September isn’t mainly a good start for the Imperial Pacific International (IPI), as they have been charged $375,000 by the Commonwealth Casino Commission (CCC), as well as lost an appeal before the Ninth Circuit Court in their hopes to deny the release of tax information to the CCC.
Finally On August 27, IPI paid their casino license fee of $15 million. This yearly payment was supposed to have been paid by August 12, but the company failed to pay the agreed amount of contract.
Consequently, CCC Executive Director Edward Deleon Guerrero chose to enforce a $25,000 per day fine for failure to pay the contract fee.
Further Deleon Guerrero explained that:
“IPI was able to settle on Aug. 27, 2019. If you count starting from Aug.12, 2019 [IPI’s payment deadline], it amounts to a total of 15 days.”
While Deleon Guerrero decided to fine the Imperial Palace, he realized that his act may not be legalized, as the full commission must poll to support any action of this nature.
“I need to bring it to the commission in the September monthly meeting. We need their blessings for the stipulating order,” he said.
“The commission needs to review and approve the stipulation but… [the commissioners] have accepted the stipulation and they understand that this is a violation.”
They were charged of not paying the annual contract license fee which was $15million.
Deleon Guerrero explained that:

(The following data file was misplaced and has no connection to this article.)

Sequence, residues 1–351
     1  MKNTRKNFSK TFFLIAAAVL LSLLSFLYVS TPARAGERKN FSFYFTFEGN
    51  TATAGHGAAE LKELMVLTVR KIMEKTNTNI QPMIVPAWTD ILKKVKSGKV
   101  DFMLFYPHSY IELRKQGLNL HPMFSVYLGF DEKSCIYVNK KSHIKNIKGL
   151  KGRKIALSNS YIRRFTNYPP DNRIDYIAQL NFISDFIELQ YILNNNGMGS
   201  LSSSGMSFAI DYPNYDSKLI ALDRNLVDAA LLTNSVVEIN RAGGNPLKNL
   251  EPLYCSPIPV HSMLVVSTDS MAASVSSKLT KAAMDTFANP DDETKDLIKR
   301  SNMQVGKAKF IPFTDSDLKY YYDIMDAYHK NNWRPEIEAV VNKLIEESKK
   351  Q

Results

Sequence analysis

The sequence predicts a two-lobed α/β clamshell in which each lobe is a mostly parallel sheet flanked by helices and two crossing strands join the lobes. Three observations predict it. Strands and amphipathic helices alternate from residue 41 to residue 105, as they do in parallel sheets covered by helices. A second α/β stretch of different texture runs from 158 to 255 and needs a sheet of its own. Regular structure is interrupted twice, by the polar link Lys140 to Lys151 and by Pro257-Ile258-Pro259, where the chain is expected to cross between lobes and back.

“Based on communications between IPI and CCC and IPI and DPL, they [IPI] were trying to get the $10 million back for the partial payment of the 2019 annual license fee. That’s why they paid the $5 million, thinking that DPL would return the $10 million.”
It is measured possibly that the full Commonwealth Casino Commission (CCC) will vote to impose the fine.
If that news wasn’t bad enough, last Friday the U.S. Court of Appeals discharged an action by IPI and its affiliates who were looking to try to bar the CCC from getting private income tax information related to the company. In the ruling, the court found that a demand in the agreement between the two entities gave the CCC the right to gain access to this information.
The IPI and their firms had asked the court to block the leak of these monetary statements, appealing that the statements contained close information that was secured by an exposed agreement and by the Open Government Act, which assures the right of privacy in the U.S. and Commonwealth constitutions. The court did not agree, making its ruling with prejudice, thus ending any proceedings in this matter.